“How the launch of a new journal in 1904 may have changed the relationship between psychology and philosophy,” by Christopher D.Green and Ingo Feinerer. The abstract reads,
Recent research has used networks of scholarly journal articles to investigate the intellectual structure of the discipline of psychology from the later 1880s to the early 1920s. Here, instead, we examined the networks of philosophical journals that were closely aligned with psychology—The Monist, Philosophical Review, and The Journal of Philosophy, Psychology, and Scientific Methods—between 1890 and 1913. We discovered that, although the first 2 of these journals published a great deal of psychologically relevant material up to 1903, material of that sort seemed to evaporate after the launch of the third journal in 1904. It was not so much that material migrated from the old journals to the new one. It was rather that the new journal was able to attract new trends in American philosophical psychology, while interest in traditional approaches seemed to dry up. The result was that psychology moved into a new and expansive era, while America philosophy was left somewhat destabilized as it attempted to reconfigure its disciplinary identity.
Prison break: Karl Menninger’s The Crime of Punishment and its reception in U.S. psychology,” David C. Devonis, and Jessica Triggs. The abstract reads,
In 1968, Karl Menninger, a highly visible and vocal U.S. psychiatrist, published a call to action on prison reform, The Crime of Punishment (Menninger, 1966/1968). This widely circulated book’s central idea is that punishment as practiced in penal settings is an injustice amounting to a crime. At the outset, The Crime of Punishment quickly achieved national attention. Within mainstream psychology, its antipunishment message encountered a changed climate in which punishment, thought ineffective during the period 1930 through 1960, was redefined as an effective component in learning. It also met competition from the contemporaneous Stanford Prison Experiment (Haney, Banks, & Zimbardo, 1973), which quickly rose to equivalent media presence and superior disciplinary prominence. Both the Stanford Prison Experiment and The Crime of Punishment survived in the antireform era of hyperincarceration after 1974 as parallel examples of reform activism, one secular and one religious in character, illustrating some convergences of aim between psychology and psychiatry outside of specifically clinical issues.
“Society for the History of Psychology news,” edited by Shayna Fox Lee. The abstract reads,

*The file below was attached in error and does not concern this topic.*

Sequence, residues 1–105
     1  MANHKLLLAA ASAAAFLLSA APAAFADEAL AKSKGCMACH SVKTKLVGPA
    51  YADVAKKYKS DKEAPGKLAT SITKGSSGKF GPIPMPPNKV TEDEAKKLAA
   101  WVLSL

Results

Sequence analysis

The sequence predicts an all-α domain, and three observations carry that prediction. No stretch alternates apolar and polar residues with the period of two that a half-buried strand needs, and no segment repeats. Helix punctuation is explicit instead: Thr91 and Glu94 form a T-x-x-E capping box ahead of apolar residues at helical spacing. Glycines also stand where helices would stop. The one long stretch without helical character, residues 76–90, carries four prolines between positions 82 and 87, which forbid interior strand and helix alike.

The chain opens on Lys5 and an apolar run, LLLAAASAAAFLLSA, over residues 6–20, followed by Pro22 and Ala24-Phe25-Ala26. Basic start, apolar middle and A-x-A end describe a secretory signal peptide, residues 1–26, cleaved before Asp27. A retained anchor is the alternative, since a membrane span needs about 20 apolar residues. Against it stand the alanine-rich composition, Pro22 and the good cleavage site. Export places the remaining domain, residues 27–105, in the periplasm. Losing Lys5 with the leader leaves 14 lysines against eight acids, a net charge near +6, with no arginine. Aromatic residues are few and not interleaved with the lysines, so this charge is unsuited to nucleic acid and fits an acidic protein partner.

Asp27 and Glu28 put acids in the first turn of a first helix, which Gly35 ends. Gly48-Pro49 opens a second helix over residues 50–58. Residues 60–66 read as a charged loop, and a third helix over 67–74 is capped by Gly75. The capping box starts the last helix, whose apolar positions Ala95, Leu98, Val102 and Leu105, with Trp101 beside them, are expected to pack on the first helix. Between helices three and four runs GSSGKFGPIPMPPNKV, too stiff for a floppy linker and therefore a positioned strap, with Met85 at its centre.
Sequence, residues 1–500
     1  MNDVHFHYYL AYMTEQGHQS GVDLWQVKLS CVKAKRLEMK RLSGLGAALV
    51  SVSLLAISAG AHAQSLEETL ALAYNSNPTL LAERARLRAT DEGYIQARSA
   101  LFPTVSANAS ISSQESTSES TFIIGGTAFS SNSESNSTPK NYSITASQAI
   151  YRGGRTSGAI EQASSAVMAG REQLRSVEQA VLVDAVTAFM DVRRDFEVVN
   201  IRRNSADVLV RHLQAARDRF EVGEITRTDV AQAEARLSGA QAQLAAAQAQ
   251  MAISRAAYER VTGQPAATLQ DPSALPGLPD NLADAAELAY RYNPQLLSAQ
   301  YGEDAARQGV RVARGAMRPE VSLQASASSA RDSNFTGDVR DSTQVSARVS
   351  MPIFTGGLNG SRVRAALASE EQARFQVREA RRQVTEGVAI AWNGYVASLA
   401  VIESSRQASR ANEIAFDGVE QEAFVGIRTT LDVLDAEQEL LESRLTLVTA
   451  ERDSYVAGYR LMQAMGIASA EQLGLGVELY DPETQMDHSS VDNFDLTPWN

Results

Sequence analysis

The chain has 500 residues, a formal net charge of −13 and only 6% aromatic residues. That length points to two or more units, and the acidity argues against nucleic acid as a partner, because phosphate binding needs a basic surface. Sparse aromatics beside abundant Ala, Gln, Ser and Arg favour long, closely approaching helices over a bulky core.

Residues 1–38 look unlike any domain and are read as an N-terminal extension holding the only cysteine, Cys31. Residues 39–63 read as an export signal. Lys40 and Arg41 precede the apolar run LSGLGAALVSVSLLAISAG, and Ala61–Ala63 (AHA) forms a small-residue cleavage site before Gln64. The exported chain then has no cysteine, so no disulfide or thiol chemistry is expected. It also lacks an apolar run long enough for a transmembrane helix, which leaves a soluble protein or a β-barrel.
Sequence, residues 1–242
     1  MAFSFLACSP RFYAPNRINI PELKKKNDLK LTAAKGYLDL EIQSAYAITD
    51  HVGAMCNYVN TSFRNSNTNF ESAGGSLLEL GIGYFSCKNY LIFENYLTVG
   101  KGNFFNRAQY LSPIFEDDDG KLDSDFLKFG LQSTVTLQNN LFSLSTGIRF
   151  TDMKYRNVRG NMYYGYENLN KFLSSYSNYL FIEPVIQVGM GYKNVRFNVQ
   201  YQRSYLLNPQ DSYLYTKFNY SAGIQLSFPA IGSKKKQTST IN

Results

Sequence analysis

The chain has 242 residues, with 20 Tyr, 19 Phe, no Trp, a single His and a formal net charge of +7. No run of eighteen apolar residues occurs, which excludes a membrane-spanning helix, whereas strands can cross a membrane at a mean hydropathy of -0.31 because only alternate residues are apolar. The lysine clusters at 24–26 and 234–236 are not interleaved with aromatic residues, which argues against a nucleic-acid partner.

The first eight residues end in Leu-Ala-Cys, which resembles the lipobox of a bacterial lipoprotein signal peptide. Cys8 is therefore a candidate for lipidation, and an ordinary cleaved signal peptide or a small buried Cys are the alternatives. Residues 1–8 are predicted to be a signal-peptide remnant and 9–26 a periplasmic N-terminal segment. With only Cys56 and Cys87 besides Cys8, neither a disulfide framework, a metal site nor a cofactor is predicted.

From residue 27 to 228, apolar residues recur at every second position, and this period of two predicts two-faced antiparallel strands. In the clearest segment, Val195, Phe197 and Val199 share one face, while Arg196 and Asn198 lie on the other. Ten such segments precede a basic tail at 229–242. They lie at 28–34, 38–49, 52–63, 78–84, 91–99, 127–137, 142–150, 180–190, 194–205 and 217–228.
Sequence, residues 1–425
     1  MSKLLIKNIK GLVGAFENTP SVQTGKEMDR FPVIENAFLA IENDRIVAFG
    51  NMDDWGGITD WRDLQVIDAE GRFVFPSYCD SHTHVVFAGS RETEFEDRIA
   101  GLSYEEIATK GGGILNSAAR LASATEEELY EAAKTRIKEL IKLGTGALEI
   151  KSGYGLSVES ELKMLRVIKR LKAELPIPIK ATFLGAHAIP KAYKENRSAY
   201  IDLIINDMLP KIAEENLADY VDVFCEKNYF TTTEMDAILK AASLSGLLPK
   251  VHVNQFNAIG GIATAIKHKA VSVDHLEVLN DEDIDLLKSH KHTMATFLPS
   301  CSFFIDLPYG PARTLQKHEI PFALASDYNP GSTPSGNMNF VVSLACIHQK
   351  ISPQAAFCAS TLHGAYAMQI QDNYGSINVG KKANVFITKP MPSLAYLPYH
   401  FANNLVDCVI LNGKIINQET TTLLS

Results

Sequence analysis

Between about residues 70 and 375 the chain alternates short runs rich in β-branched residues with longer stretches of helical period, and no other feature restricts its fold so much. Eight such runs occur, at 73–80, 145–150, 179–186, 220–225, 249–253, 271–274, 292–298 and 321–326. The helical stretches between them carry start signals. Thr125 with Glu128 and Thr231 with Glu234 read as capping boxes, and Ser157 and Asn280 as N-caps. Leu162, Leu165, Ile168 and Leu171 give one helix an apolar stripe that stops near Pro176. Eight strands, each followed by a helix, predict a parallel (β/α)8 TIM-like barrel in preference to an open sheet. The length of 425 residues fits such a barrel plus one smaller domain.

Presents news concerning members of the Society for the History of Psychology, including articles written by members that have been accepted for publication. It is also noted that the journal is initiating a series entitled “News & Notes Poetry Corner,” which will emphasize the marginal, yet notably amusing, role of psychology-oriented poetics in the history of the field.
“SHP: 50 years and counting,” by Debra Sue Pate and James L. Pate. Shayna Fox Lee (Ed.). The abstract reads,
This essay contributes to the celebration of the 50th anniversary of the founding of the Society for the History of Psychology (SHP) in its earlier form (Division 26 of the American Psychological Association). Ronald Mayer’s history of the division is updated by providing a description of some of the noteworthy events and changes in the organization since his publication.
“Note on “History of psychology in India: Problems and prospects”,” by Chetan Sinha. Shayna Fox Lee (Ed). The abstract reads,
Share on Facebook
Discusses the indigenization movement of psychology in India, which attempts to develop a context sensitive discipline that can understand the concept of mind and human behavior from the cultural perspective. It emphasizes the culturally bound aspects of human nature and uses methods to explore the ways in which culture emerges from history. Given the directions of scientific research, it is not absurd to engage with Western theories. Nevertheless, some Indian psychologists have resisted what they consider the intrusion of modern psychology. They have forwarded premises about human nature in the philosophical roots of traditional Indian thought which look tautological and feed back to our oppressive social structures; for example, the patriarchy and caste systems. The scope of social change is limited under the garb of indigenization, unless the movement of indigenization calls for social change. Several points are made, of which Indian psychological approaches should become cognizant to better understand the relevant contexts for social responsibility. In addition, several recommendations are suggested for a new wave of psychological research in India.